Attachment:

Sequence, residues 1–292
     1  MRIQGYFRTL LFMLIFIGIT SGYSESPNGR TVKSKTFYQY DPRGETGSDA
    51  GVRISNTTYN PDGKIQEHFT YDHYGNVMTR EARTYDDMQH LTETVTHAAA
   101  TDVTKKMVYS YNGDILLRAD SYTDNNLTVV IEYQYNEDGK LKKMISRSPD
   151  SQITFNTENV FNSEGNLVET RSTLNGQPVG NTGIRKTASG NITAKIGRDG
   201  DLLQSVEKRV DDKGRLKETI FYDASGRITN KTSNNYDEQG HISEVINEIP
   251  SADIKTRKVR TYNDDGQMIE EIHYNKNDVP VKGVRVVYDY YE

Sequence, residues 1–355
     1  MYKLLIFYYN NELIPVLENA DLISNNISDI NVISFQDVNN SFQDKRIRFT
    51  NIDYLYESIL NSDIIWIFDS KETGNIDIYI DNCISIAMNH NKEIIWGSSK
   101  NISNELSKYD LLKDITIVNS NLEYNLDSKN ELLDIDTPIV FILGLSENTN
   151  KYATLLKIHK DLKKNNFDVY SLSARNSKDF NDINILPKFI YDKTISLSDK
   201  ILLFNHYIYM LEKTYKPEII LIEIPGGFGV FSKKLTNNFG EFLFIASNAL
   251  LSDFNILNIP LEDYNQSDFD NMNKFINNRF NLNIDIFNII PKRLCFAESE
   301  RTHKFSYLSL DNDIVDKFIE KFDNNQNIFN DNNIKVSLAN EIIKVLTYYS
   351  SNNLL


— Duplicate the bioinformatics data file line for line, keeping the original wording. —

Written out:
Sequence, residues 1–292
     1  MRIQGYFRTL LFMLIFIGIT SGYSESPNGR TVKSKTFYQY DPRGETGSDA
    51  GVRISNTTYN PDGKIQEHFT YDHYGNVMTR EARTYDDMQH LTETVTHAAA
   101  TDVTKKMVYS YNGDILLRAD SYTDNNLTVV IEYQYNEDGK LKKMISRSPD
   151  SQITFNTENV FNSEGNLVET RSTLNGQPVG NTGIRKTASG NITAKIGRDG
   201  DLLQSVEKRV DDKGRLKETI FYDASGRITN KTSNNYDEQG HISEVINEIP
   251  SADIKTRKVR TYNDDGQMIE EIHYNKNDVP VKGVRVVYDY YE

Sequence, residues 1–355
     1  MYKLLIFYYN NELIPVLENA DLISNNISDI NVISFQDVNN SFQDKRIRFT
    51  NIDYLYESIL NSDIIWIFDS KETGNIDIYI DNCISIAMNH NKEIIWGSSK
   101  NISNELSKYD LLKDITIVNS NLEYNLDSKN ELLDIDTPIV FILGLSENTN
   151  KYATLLKIHK DLKKNNFDVY SLSARNSKDF NDINILPKFI YDKTISLSDK
   201  ILLFNHYIYM LEKTYKPEII LIEIPGGFGV FSKKLTNNFG EFLFIASNAL
   251  LSDFNILNIP LEDYNQSDFD NMNKFINNRF NLNIDIFNII PKRLCFAESE
   301  RTHKFSYLSL DNDIVDKFIE KFDNNQNIFN DNNIKVSLAN EIIKVLTYYS
   351  SNNLL